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Kayarash Karimian ’14

Probing the future from the molecular level

Kayarash KarimianOftentimes you have to study something’s origins before you can fully understand its destiny. Kayarash Karimian ’14 loves to unravel these mysteries.

Karimian traces his origins to Tehran, Iran, where he lived until moving to northern Kentucky with his father before his freshman year in high school. From an early age he had a passion for the sciences. When he enrolled at Transylvania University, he was prepared to study medicine, but one lecture in biology professor Belinda Sly’s class changed his path.

“I remember her putting up a slide about Hox genes (a gene that directs development of an organism), and it was such a fascinating thing to see how, at the molecular genetic level, there are so many different manifestations of developmental patterns,” he said. “It’s so amazing to me that everyone starts out as one cell. From that one cell, you develop the body plane that you have and the person you are and the brain that you have. Understanding the processes that lead to the formation of the organism will help us in understanding many different areas of biology.”

Like that one cell, Karimian’s decision to study at Transylvania started the process of his development as a researcher and took him all over the country. He quickly focused his attention on molecular genetics, and he turned to Sly to help him find research opportunities in the relatively new field.

After his first year, he earned a National Science Foundation undergraduate research position at North Carolina State University, and following his sophomore year, he was selected for a prestigious Amgen Scholars Program placement at Stanford University, where he studied the immunology of fruit flies. In the summer after his junior year and throughout his senior year, he did liver cancer research at the University of Kentucky. He sequenced the homeobox gene zhx-2—which has been shown to be involved in liver cancer—in lampreys and zebra fish.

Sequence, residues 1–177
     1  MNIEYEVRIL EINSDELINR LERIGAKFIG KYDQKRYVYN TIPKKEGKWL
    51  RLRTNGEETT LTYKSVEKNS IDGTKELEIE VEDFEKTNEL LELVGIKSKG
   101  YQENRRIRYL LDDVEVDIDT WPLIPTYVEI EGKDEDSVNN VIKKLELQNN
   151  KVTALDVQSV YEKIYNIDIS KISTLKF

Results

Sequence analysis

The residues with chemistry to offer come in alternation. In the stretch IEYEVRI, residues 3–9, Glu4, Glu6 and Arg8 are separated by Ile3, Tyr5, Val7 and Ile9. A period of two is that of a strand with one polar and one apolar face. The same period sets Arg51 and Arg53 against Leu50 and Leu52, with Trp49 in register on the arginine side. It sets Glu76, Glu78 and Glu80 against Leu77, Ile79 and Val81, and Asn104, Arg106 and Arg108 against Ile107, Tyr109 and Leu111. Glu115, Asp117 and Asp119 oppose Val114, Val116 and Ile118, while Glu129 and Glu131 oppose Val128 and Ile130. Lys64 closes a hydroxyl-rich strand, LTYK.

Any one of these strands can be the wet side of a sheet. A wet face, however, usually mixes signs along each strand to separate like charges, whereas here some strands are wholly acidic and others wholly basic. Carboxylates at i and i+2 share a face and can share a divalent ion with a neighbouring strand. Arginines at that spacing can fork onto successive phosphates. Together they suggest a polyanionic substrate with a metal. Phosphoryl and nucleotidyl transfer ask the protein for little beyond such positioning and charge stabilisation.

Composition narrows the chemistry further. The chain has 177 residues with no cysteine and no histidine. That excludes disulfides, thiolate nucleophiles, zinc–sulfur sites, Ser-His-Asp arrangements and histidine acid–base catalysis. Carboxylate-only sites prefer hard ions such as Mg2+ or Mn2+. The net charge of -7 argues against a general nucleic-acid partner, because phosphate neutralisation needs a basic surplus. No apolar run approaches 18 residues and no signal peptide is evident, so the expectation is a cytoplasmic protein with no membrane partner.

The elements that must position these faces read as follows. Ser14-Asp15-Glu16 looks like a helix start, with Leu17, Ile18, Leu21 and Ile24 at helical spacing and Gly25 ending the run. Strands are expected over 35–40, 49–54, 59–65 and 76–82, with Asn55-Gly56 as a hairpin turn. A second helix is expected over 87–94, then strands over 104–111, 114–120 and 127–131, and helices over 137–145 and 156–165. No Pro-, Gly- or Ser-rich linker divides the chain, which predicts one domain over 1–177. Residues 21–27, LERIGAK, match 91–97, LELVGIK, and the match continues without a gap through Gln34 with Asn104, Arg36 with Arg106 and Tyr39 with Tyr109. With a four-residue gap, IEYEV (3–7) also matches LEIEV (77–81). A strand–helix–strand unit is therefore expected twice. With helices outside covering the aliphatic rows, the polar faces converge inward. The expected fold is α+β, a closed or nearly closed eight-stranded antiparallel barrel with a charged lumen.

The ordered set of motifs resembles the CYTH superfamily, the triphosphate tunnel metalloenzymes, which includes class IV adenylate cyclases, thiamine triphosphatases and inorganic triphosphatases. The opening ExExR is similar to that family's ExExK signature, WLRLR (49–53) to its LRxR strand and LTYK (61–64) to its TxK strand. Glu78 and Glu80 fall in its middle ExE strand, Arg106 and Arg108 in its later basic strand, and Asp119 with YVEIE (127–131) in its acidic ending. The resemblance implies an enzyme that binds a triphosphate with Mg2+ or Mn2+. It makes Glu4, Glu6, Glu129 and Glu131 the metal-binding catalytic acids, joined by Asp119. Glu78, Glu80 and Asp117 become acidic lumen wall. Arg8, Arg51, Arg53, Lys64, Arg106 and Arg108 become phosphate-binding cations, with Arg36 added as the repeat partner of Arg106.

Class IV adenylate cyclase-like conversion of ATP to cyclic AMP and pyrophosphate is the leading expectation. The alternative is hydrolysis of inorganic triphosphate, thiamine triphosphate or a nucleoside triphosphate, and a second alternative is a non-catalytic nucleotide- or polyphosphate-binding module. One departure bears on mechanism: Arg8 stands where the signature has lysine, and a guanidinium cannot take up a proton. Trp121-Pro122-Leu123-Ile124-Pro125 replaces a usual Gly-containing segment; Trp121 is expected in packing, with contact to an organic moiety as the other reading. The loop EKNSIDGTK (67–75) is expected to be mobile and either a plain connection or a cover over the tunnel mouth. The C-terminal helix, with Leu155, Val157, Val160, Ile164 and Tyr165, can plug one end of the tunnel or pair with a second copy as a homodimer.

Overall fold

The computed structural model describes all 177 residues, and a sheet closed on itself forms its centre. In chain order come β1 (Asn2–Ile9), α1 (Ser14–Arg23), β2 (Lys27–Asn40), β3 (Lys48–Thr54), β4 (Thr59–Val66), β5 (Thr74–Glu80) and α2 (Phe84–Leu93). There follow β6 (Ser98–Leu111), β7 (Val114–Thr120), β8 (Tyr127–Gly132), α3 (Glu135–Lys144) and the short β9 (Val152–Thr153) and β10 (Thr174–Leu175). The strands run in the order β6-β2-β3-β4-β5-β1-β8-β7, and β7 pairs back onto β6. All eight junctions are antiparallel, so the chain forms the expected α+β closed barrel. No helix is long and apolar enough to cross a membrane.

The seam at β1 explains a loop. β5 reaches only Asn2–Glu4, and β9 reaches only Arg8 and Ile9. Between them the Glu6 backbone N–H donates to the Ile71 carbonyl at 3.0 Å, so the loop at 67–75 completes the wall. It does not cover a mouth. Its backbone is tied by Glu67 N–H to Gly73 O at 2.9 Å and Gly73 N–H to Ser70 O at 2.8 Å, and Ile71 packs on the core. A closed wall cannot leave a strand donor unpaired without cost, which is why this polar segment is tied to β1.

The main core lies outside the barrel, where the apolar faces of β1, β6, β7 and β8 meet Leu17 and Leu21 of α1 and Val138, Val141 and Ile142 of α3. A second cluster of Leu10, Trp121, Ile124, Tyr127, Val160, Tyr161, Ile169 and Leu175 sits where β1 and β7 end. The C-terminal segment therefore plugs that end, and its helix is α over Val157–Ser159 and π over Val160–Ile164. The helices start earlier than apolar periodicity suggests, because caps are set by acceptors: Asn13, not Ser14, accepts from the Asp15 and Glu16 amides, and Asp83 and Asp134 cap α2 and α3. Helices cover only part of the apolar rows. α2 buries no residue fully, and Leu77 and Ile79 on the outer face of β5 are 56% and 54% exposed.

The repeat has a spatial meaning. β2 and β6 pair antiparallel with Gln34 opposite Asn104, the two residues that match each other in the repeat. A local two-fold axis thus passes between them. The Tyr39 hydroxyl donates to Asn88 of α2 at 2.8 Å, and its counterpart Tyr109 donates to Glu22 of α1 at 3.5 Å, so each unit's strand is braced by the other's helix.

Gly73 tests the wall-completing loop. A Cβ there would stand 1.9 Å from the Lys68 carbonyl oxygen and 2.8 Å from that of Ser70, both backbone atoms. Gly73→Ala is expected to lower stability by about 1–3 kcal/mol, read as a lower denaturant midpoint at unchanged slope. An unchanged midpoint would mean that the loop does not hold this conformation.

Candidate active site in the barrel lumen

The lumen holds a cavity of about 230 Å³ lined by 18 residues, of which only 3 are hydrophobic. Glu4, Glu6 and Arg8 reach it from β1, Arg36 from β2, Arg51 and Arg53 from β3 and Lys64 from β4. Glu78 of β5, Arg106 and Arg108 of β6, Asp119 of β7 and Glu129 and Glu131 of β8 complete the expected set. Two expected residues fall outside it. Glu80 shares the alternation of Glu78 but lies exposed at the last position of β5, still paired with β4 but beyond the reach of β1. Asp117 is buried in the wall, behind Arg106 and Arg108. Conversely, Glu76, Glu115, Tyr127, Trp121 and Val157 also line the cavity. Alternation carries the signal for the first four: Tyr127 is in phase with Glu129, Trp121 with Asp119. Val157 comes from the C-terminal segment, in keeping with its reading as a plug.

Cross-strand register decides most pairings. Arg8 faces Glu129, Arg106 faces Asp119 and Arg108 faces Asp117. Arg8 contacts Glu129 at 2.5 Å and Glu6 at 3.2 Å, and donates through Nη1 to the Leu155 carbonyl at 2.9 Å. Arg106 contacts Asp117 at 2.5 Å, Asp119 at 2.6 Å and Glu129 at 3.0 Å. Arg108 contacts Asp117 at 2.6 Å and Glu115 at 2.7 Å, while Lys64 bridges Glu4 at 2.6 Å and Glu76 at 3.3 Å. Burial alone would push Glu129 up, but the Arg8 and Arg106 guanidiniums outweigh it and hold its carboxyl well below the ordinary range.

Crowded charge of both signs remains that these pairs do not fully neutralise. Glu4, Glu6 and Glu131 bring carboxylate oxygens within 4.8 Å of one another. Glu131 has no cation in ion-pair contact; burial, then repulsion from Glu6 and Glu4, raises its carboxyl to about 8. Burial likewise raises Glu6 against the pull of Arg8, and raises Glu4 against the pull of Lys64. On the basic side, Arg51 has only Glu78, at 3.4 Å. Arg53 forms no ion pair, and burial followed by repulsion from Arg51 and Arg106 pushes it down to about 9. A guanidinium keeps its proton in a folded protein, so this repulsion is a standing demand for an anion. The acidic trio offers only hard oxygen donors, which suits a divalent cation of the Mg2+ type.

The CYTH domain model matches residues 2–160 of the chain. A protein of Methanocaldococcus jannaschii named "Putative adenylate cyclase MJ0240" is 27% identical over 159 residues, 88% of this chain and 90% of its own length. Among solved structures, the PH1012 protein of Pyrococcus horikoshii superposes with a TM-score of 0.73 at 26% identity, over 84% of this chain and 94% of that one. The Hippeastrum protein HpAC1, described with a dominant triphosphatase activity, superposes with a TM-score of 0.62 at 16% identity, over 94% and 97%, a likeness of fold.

While much of his research took place away from the Transylvania campus, Karimian gives the bulk of credit for his undergraduate success to his time at Transylvania building relationships with his professors and becoming a strong writer and communicator.

“At Stanford we had exit interviews where they told us why they selected us, and they told me that my letters of recommendation and my essays were so important,” he said. “The education at Transylvania and the relationships I had with my professors helped me talk with other researchers, and I realized my education was comparable to that of students coming from many other larger institutions. We do a very good job of transcending academics—Transylvania is so much about living that liberated life we always talk about.”

Karimian was accepted to Johns Hopkins University’s Biochemistry, Cellular, and Molecular Biology graduate program, where he plans to study developmental biology and molecular genetics. He wants to work with stem cells or cancer biology and eventually combine his love for teaching and research as a professor. He got his first taste of teaching as an August Term Scholar with education professor Amy El-Hindi Trail, which he called one of his “favorite moments at Transylvania.”

“You learn so much at this university without realizing it,” he said. “It’s such a supportive community. It’s not always about textbook knowledge, but it’s about [learning to] communicate with people from so many different backgrounds. You begin to understand the views of people from different disciplines and perspectives, and I’ve really enjoyed that.

“I’m really excited to call this university my home. I’m so proud and happy that I chose it, and I would do it again in a heartbeat.”

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